Ph.D. and MSQ in Accounting

The Ph.D. program in Accounting provides students with a thorough knowledge of financial and managerial accounting topics, as well as econometric and analytical methods before beginning their own research supervised by our faculty.

The first year comprises core courses in accounting, econometrics, microeconomics, and mathematical methods. At the end of the year, students must pass qualifying examinations in accounting, econometrics, and microeconomics. In the second year, students choose field/specialization courses in two to three areas and start their own research. During this process, they are supported by faculty members, who help them transitioning from coursework to research and identifying suitable dissertation topics. By the end of their third year, students must have completed their first research paper. The dissertation shall be completed in the fourth year of the program. The dissertation consists of several research papers that have the potential for publication in international scientific journals.

First-year students in the corresponding Master Program enroll in the same set of courses as students from the Ph.D. Program. Those who complete their first year of studies with strong success are eligible and strongly encouraged to join the Ph.D. Program from their second year of studies onwards. Students who continue their education in the Master Program have the option to enroll from the second year on in concentration courses with an emphasis on selected issues in financial and managerial accounting. The Master Program in Accounting is completed with a Master thesis written in the final months of the second year of studies. The Master thesis cannot be a part of the dissertation.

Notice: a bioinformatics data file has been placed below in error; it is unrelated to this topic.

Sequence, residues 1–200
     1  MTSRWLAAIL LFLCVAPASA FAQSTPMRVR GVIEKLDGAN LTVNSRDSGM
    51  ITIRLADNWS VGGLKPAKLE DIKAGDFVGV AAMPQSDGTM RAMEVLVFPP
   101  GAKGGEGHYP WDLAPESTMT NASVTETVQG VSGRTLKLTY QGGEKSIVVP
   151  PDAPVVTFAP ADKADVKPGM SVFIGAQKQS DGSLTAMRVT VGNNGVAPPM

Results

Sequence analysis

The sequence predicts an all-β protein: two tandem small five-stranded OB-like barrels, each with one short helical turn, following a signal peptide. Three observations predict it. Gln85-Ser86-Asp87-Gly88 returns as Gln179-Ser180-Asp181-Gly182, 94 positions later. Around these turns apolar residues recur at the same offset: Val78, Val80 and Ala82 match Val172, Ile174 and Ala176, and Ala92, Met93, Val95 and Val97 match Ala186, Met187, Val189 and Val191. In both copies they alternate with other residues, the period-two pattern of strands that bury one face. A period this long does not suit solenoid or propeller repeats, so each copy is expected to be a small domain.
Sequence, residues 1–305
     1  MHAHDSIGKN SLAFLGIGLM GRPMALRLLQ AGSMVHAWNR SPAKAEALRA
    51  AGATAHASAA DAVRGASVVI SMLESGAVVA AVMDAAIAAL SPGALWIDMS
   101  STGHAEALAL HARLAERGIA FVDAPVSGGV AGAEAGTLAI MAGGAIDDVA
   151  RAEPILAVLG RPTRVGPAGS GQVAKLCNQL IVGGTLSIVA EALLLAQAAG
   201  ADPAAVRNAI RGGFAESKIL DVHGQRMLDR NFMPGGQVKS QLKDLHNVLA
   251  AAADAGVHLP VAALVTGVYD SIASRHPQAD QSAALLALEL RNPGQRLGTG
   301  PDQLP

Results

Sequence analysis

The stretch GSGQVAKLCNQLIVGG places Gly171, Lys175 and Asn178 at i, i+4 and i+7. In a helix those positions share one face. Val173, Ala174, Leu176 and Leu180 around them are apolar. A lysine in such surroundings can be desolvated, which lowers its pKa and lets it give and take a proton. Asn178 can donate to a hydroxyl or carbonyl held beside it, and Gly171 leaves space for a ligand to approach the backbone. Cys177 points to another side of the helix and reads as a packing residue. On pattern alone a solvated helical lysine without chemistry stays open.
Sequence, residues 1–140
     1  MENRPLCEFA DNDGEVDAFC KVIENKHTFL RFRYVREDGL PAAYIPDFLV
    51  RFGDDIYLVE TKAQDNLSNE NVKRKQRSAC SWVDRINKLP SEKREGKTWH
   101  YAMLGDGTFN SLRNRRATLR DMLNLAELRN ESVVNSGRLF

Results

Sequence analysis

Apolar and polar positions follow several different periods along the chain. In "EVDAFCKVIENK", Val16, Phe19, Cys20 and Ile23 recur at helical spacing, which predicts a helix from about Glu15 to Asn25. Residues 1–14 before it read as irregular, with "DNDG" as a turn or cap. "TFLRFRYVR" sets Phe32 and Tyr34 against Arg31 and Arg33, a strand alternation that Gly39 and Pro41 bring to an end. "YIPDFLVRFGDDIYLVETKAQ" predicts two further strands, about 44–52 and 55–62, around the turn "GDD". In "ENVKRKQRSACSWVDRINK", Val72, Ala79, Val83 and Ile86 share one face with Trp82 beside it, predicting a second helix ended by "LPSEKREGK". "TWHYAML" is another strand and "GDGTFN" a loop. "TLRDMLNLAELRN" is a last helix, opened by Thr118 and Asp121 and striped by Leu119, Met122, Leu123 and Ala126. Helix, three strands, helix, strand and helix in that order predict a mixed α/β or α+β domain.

Students who decide to take part in both programs may earn both an MSQ and a Ph.D. degree in a total of four years.

Ph.D. Structure

Pre-Semester: Mathematics and Statistics
Winter Term: Advanced Accounting 1 (8 CP), Advanced Econometrics 1 (8 CP), Advanced Microeconomic Theory 1 (8 CP), Mathematical Methods (8 CP)
Summer Term: Advanced Accounting 2 (8CP), Advanced Econometrics 2 (8 CP), Advanced Microeconomic Theory 2 (8 CP)
Qualifying Examinations
Winter Term: Field Courses, Workshop Attendance
Summer Term: Field Courses, Seminar, Workshop Attendance
Fields Offered:
Accounting (including Analytical and Empirical Research in Performance Measurement, Management Control, and Organizational Design, Incentive System Design, Research Design in Accounting, Financial Reporting, Corporate Governance, Auditing)
Econometrics (including Bayesian Econometrics, Dynamic Panel Models, Econometrics of Duration and Transition Data, Long Memory in Time-Series, Non-Parametric Econometrics)
Finance (including Asset Pricing, Corporate Finance Theory, Empirical Banking, Household Finance, Option Pricing, Taxes and Finance)
Law and Economics (including Epistemics of Law and Economics, European Cross-Border Business, Law of International Financial Institutions)